As a result of this great influx of new people into the area, many new properties were built in Grassington from the latter part of the 17th century up to the early part of the 19th century. Also a number of the existing larger properties were each split into two or three smaller dwelling units and thus the unique and quaint character of Grassington came into being. In 1855, the Duke of Devonshire built the Mechanics Institute, with a library for the education and welfare of the miners. This was enlarged in 1895, and in 1896, the Duke handed over the Institute to the village who added a large hall, stage and dressing rooms in 1923, and the building underwent a further expansion with the addition of a studio theatre and nursery school in 1998.
The lead mining industry declined in the late 1870s and many miners and their families gradually left the area. Shortly afterwards, Grassington House changed its use from a private house into a boarding house, thus heralding the birth of the tourist industry which is still so important to Grassington today. With the coming of the railway in 1902, many new people, mainly Bradford commuters, moved into the area. The town has gradually expanded over the last century, from a low point on 1903 when the population was little more than 300, to around 1,100 today. Agriculture, quarrying, and tourism are the mainstays of employment in Grassington today supplemented by many professional commuters, artists and retired people, making a lively mix of locals and “offcumd’uns” (a Yorkshire term for anyone coming to a town or village from further afield), a mix which makes the town lively and friendly.
The walk starts from the centre of Grassington and follows the Dales Way out of the town heading north towards Kettlewell. Go up Chapel Street and before reaching Town Head farm, turn right up the existing right of way up Bank Lane. This is followed round to the left and on until the right of way makes a sharp right turn. A new path has been constructed from here across fields in a westerly direction to rejoin the previous route of the Dales Way well to the north of the farm. After climbing through the next few fields you will gain tremendous views of the surrounding dales landscape. Continue above the Old Pasture above Conistone village until you reach the junction with Scot Gate Lane coming up from the village.
Here the Dales Way continues straight forward but we now turn right onto the track heading north east for about ½ mile (700m) before turning initially south east and then again north east on a track towards Kelber Gate and Mossdale Scar. This is followed for nearly a mile (1500m) where you will see a track off to the right. We are going to take this shortly but it is worth making the small diversion up to Mossdale Scar and caverns. These are easily spotted on the far side of Mossdale Beck and attached to the rockface at the caverns is a plaque which reads, ‘in everlasting memory from the families of David Adamson aged 26, Geoffrey Warren Boireau aged 24, William Frakes aged 19, John Ogden aged 20, Michael John Ryan aged 17, Colin Richard Vickers aged 23, who rest here in Mossdale Caverns where they died 24th June 1967. I will lift up mine eyes unto the hills from whence cometh my strength.’ These young cavers were sought for extensively by the Cave Rescue Organisation at the time but were never found. Because of the dangerous water levels in the caverns it was decided to close these by blocking off the entrances and the bodies were left in the caverns as a permanent resting place.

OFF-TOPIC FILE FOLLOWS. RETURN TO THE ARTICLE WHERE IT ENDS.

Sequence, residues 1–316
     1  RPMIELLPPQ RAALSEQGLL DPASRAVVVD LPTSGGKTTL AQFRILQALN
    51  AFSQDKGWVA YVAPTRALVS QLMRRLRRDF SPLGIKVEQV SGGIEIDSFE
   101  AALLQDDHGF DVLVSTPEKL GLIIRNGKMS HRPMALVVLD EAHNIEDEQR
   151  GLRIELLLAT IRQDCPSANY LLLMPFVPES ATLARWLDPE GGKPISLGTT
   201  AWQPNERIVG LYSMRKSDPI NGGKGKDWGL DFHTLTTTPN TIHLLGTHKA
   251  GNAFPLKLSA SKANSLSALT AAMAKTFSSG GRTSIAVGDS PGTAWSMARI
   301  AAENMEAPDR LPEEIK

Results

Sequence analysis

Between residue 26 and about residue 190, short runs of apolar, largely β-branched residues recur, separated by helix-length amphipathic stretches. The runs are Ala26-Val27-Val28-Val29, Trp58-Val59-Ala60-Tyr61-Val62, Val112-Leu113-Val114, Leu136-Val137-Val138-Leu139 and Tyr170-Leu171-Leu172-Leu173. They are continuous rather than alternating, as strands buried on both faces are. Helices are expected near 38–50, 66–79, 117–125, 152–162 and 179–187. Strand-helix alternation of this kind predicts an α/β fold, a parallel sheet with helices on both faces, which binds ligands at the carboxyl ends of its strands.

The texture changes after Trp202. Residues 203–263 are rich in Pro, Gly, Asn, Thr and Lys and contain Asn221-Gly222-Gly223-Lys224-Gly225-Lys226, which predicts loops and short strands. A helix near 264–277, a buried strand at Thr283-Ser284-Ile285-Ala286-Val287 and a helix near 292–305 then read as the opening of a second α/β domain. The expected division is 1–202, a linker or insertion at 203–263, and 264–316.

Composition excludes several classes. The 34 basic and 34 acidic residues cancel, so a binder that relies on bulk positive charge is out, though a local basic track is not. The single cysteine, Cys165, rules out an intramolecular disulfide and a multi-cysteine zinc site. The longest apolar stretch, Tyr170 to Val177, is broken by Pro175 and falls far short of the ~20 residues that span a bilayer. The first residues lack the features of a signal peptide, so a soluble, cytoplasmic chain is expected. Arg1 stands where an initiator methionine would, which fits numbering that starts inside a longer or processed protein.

Retrace your steps to the track which is now on your left and this is followed in a south easterly direction down to Bycliffe Hill a distance of 1¼ miles (2km) and then southwards for just over ½ mile (1km) to a crossroads where five tracks converge. Take the track to the right (heading west) which you follow for a further 1¼ miles (2km) down to the hamlet of Yarnbury. This is a scene of industrial desolation set among the beauty of the dales and well worth exploring for a short while before the return to Grassington. You’re now in an area of some of the finest lead mining remains in England. There are various highlights, but the great centrepiece is the chimney (built in 1849) and the system of flues running up to it. The flues run from “cupola corner” where the lead was smelted up the side of the hill and finish at the chimney.
From here a minor road heading south west takes you the remaining 1½ miles (2½ km) back into Grassington where there are plenty of pubs and tea rooms to choose from at the end of a most enjoyable walk amidst some great Dales scenery.
Further details of this walk plus another twenty nine walks can be found in my latest book Yorkshire Walks – 6 Dales – 30 Walks which is published by Sigma Publications.
This is priced £9.99 and is available from most good bookshops or via the internet from Amazon or direct from Sigma Press at;